Keepers often prioritize pine shavings over any other substrate. Sure, pine bedding mixed with bark chips works for most pets. But the trick backfires on hedgehogs. 

Scientifically speaking, pine shavings have Abietic Acid. When exposed to this bedding for a long time, hedgehogs develop respiratory disease and internal organ complications. 

We see no reason to make our hedgies suffer with this terrible choice. You better look for a better and safer substrate instead. 

3. Cedar Shavings 

Like the pine shavings, cedar shaving is another red flag for hedgies. It has harmful Plicatic acid that can affect the respiratory system of the pocket pets. Besides, it can cause poor digestion, kidney failure, liver damage, and organ complications. 

4. Hay and straw 

Hay and straw for hedgehog

Straws and hays are popular wild hedgehog bedding. The hedgies bring these substrates from their surroundings and build a bed. However, we do not suggest it for captive pets. 

Bedding made from hay and straw has a rough texture. It makes sleeping or burrowing uncomfortable for our quill balls. Furthermore, the sharp edges of the straws can scratch the hedgehog’s eyes or skin.


Do not fall for the sponsored ads on the internet or the sweet talking of the pet store salesmen. Only buy a substrate that is safe and comfortable for the hedgehogs in the long run. We discourage you from experimenting with toxic beddings such as sawdust, gravel, sand, cedar, pine, etc. 


What is the best bedding for a hedgehog house? 

Bioactive bedding is hands-down the best for a hedgehog house. The substrate can be made with 40% coco coir, 30% potting soil, and 30% reptile sand. You can also add leaf litter, coconut husks, sphagnum moss, and worms to the mix.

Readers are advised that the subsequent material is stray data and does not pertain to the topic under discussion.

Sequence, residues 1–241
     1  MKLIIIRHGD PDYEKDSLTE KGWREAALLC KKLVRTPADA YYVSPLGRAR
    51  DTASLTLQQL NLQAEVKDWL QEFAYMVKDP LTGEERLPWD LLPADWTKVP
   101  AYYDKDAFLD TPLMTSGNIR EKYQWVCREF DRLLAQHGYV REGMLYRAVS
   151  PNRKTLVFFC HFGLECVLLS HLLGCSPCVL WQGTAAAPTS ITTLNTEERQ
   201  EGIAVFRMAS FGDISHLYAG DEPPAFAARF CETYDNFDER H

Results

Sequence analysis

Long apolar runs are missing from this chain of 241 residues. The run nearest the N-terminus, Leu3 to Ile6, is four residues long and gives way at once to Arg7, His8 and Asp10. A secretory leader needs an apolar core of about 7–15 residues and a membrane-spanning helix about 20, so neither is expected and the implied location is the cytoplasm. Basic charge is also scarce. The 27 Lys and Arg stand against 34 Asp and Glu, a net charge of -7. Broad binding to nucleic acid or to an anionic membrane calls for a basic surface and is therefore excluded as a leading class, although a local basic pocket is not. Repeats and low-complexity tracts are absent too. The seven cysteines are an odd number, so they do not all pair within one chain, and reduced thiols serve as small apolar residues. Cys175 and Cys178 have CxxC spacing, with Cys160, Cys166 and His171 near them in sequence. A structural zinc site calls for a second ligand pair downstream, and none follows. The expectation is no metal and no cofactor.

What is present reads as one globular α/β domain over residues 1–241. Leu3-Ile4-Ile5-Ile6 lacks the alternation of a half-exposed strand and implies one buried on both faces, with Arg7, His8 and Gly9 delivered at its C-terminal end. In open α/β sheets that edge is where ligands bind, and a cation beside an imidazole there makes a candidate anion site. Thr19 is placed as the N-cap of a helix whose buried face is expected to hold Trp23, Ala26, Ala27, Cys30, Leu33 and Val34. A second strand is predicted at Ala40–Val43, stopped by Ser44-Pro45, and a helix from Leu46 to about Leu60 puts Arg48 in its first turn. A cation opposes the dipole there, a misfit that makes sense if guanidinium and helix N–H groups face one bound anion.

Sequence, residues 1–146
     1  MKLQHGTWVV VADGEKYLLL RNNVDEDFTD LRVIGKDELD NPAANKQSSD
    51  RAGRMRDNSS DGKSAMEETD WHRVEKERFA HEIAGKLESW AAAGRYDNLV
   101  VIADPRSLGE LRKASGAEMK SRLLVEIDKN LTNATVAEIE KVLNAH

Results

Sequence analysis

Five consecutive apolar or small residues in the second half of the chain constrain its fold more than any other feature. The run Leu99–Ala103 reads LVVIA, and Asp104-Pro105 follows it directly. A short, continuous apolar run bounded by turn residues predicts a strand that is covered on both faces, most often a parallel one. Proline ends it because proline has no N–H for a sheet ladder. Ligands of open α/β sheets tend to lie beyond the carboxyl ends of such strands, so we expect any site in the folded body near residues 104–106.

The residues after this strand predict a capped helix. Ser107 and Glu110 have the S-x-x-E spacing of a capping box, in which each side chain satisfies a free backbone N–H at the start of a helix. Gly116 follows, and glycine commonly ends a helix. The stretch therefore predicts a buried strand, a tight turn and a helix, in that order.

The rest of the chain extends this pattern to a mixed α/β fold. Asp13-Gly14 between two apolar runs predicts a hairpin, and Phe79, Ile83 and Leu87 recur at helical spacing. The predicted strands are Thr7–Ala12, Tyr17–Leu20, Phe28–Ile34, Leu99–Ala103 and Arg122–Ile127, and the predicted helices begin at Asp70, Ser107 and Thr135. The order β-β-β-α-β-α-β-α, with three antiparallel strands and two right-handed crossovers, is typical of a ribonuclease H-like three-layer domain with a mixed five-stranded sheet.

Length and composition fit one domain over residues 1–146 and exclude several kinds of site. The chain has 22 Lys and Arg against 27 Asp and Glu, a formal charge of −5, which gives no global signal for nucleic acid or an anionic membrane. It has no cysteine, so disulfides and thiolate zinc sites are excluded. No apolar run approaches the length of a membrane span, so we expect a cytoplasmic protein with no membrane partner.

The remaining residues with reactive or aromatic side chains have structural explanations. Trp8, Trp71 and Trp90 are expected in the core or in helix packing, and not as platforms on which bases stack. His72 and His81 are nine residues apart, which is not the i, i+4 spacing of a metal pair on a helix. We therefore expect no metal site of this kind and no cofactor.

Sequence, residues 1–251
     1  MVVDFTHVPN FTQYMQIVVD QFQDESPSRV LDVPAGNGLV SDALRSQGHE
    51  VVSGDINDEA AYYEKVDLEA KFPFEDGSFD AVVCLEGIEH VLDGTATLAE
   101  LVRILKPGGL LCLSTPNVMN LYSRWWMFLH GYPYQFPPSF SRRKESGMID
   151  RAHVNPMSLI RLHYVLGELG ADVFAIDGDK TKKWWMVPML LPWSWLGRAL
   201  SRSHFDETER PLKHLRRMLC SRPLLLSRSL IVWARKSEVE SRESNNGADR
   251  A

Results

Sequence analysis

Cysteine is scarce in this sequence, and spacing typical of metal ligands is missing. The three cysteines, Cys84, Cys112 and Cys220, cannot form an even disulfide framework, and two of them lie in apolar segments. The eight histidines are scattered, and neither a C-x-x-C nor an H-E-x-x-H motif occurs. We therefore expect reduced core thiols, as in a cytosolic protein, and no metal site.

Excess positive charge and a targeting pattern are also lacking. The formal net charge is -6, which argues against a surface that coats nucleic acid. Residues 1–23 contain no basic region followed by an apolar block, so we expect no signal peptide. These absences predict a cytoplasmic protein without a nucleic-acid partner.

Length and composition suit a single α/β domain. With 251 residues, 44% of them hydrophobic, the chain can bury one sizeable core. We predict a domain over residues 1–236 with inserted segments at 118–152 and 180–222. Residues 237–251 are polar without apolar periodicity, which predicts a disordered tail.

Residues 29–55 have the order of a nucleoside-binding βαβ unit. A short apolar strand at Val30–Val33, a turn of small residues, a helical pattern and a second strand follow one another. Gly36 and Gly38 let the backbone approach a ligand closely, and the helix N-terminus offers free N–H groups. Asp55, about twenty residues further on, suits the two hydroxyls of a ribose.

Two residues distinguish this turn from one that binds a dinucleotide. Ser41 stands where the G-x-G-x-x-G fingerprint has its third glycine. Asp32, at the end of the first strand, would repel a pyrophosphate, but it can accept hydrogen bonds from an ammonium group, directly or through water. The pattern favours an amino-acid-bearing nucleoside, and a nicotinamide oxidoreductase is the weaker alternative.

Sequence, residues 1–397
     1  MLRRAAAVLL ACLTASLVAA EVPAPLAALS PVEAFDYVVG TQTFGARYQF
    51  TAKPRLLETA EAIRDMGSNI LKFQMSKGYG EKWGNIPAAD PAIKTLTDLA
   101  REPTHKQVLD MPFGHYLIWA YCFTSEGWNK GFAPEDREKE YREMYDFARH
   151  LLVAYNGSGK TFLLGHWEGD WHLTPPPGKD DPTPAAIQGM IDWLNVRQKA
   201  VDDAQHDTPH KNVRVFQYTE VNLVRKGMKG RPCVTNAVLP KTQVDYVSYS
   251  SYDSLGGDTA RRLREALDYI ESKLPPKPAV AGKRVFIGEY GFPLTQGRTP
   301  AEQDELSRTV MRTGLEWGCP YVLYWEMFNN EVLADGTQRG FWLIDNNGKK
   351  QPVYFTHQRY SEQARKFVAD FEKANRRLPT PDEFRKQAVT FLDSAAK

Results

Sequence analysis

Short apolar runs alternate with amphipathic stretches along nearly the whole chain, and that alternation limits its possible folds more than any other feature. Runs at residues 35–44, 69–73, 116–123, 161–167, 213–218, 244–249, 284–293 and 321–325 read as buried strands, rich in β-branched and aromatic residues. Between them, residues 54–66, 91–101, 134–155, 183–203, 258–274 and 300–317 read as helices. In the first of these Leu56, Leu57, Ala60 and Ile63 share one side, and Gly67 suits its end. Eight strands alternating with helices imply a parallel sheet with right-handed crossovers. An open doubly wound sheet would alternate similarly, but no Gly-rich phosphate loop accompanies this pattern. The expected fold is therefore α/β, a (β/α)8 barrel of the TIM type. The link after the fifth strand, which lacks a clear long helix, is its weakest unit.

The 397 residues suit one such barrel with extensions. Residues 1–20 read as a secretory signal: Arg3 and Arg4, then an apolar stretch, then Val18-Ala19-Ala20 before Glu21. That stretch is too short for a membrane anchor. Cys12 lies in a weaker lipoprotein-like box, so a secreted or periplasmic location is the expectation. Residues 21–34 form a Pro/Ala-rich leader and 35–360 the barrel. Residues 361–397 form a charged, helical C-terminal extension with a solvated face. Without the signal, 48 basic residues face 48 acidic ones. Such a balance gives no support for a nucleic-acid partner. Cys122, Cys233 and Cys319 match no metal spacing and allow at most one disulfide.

What type of bedding can hedgehogs use?

Hedgehogs are comfortable with paper bedding, fabric liners, aspen shavings, and bioactive substrates. Some keepers use just any wood shavings to layer the bottom of the cage. However, cedar shavings and pine shreds are extremely toxic to hedgies. 

Do hedgehogs like a lot of bedding?

In the wild, hedgehogs love to dig in the soil and leaf-dump. They carry the same instinct while in captivity. So, they will love thick bedding (at least 3 to 4 inches). It will help the hedgies burrow and relax. 

Why is my hedgehog eating his bedding?

Hedgehogs might munch on the substrate to create a self-anointing bond with their surroundings. Though the reason for self-anointing is not clear, researchers claim it is normal behavior. Sometimes, hungry hedgehogs feast on the bedding out of desperation. 

Do hedgehogs like hay or straw?

In the wild, hedgehogs collect both hay and straw to make bedding. However, they seem to prefer hay over straw because of its softness. The hedgies are at risk of getting scratched by the pointy and rough edges of the straws.

What kind of fabric do hedgehogs like?

Fabrics are soft and warm for hedgies. You can use fleece blankets, puppy pads, soft towels, and pillowcases as substrates for the hedgehogs. Among these, the quill balls are more comfortable with fleece liners.

About the author



Susana Jean, Pocket Pet Expert and Sugar Glider Aficionado Hi everyone! I’m Susana Jean, your go-to wordsmith and pet enthusiast who has a special place in her heart for the fascinating world of sugar gliders.…Continue reading